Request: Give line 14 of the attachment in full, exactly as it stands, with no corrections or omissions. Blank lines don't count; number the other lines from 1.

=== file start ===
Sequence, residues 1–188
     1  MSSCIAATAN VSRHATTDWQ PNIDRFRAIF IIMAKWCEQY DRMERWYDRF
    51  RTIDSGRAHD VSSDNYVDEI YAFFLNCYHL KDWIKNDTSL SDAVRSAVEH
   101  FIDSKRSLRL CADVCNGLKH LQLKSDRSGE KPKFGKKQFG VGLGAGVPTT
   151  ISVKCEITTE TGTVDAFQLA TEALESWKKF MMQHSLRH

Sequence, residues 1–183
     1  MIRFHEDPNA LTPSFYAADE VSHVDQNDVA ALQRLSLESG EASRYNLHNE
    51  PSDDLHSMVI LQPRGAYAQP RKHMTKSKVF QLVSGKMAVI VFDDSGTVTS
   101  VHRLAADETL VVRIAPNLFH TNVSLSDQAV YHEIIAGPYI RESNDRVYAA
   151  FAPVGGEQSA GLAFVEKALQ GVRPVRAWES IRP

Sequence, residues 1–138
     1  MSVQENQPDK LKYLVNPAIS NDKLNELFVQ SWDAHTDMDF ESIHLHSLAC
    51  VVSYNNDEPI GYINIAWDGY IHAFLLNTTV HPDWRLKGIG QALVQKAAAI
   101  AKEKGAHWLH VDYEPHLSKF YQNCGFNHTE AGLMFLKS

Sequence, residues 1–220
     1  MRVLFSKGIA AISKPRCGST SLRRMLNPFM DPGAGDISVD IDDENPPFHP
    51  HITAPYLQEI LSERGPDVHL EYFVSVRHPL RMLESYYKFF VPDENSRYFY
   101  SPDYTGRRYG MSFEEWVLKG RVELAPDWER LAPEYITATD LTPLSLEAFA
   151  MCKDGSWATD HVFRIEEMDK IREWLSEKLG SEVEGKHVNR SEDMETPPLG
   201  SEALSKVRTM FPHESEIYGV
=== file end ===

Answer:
   101  AKEKGAHWLH VDYEPHLSKF YQNCGFNHTE AGLMFLKS